Flags representing democracy and the right to vote

When the United Kingdom voted to leave the European Union in June 2016, 70 percent of voters under the age of 24 backed Remain, compared to 40 percent of those aged 65 and above. Three years later, according to a BBC survey, the imbalance between the young and old continues. If there was another referendum tomorrow, though very unlikely, data suggests that there would be more young than old people to vote Remain.

Is it fair to address eligible voters of all ages on an issue that paves the way for the next decades? Or is this a flaw of democracy? That’s at least what some asked after the 2016 vote, with Brexit potentially affecting the British economy not only in the short but in the long run. With the upcoming European Parliament elections, the question whether everyone should have the same vote is on the table again.

“I don’t see any way of disqualifying old people from having the influence they have,” says Nobel Laureate Robert Solow. “If they’re smart and if they have children on their own, they may learn to pay attention to what the needs of other people are, but that’s not an easy thing to fix in a democratic society.”

I don’t see any way of disqualifying old people from having the influence they have.
– Solow

“The point about democracy is one person, one vote, that’s the way it is. If it’s a disadvantage, it’s one of the flaws of democracy,” Solow continues. Fellow laureate Oliver Hart is not so sure. “The future is with the young,” says Hart. “It’s one person, one vote, but it doesn’t have to be. Young people are gonna experience this for longer. Maybe they should have more than one vote.”

He admits though that this idea isn’t more than a mental game. The way current voting systems work is not likely to change. Still, he sees Brexit as a good example of flaws in the system. “There was evidence that people didn’t really know what they were voting for,” he explains. Google data showed that searches for “What is the EU” and “What is Brexit” climbed in the UK after the polls had closed.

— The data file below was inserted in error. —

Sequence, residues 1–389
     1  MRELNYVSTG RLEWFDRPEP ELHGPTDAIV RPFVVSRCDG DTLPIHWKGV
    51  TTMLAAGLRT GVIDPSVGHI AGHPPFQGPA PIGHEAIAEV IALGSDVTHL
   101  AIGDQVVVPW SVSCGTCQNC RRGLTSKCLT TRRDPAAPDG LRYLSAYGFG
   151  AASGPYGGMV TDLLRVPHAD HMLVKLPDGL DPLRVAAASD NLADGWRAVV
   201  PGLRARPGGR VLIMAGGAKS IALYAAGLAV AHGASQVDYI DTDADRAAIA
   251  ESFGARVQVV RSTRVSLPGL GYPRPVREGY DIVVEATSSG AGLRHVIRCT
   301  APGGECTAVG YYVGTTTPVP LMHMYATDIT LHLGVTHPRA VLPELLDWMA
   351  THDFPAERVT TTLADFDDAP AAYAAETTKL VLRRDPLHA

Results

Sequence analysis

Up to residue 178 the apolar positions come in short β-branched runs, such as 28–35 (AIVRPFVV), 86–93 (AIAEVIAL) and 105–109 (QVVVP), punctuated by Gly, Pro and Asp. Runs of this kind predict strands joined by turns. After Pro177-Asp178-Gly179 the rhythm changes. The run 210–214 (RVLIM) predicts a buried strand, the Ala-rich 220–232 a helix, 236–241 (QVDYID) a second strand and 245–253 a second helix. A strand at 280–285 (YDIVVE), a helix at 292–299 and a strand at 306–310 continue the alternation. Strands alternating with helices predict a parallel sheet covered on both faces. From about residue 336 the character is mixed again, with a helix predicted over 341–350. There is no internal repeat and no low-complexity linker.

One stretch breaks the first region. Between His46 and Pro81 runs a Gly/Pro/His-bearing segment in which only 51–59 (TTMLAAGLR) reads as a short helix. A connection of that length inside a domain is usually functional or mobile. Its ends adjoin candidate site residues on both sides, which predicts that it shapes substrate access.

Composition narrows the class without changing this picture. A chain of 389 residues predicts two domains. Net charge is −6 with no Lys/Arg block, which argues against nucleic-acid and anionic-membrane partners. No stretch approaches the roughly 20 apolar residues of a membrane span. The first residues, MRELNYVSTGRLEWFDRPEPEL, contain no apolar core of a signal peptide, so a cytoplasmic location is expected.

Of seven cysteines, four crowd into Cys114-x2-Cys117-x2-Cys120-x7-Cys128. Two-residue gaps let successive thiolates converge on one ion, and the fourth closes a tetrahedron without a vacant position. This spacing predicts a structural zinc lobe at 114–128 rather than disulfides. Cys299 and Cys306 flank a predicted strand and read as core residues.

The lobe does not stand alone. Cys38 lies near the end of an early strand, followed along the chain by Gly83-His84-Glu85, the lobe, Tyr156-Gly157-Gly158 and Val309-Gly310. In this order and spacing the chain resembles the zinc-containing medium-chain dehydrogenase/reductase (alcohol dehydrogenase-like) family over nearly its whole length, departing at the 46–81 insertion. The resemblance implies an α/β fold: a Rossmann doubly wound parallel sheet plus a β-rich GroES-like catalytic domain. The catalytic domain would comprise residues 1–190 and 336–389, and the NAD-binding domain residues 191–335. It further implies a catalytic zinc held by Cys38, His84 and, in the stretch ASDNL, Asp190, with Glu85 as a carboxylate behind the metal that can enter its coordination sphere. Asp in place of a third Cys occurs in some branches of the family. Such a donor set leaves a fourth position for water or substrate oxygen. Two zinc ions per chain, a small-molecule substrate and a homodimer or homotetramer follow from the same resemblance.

Can a government leave a decision to the public if people can’t grasp the complexity of their choice and, even worse, the information they get is filled with fake news? Many newspapers, for example The Guardian, frequently commented on the anti-EU lies that surrounded Brexit before and after the referendum.

Daniel McFadden has worked extensively on choice models, and he explains how people often make poor decisions because they don’t have good information. “They don’t process information well and they don’t think things through.”

People don’t process information well and they don’t think things through.
– McFadden

“Concentrating too much on what’s going to come right now without looking into the future to see what the consequences will be, or paying too much attention to the things that are easy to see, the shiny parts of the car and not the stuff that’s under the bonnet, all those things are systematic biases in the way people make decisions,” explains McFadden.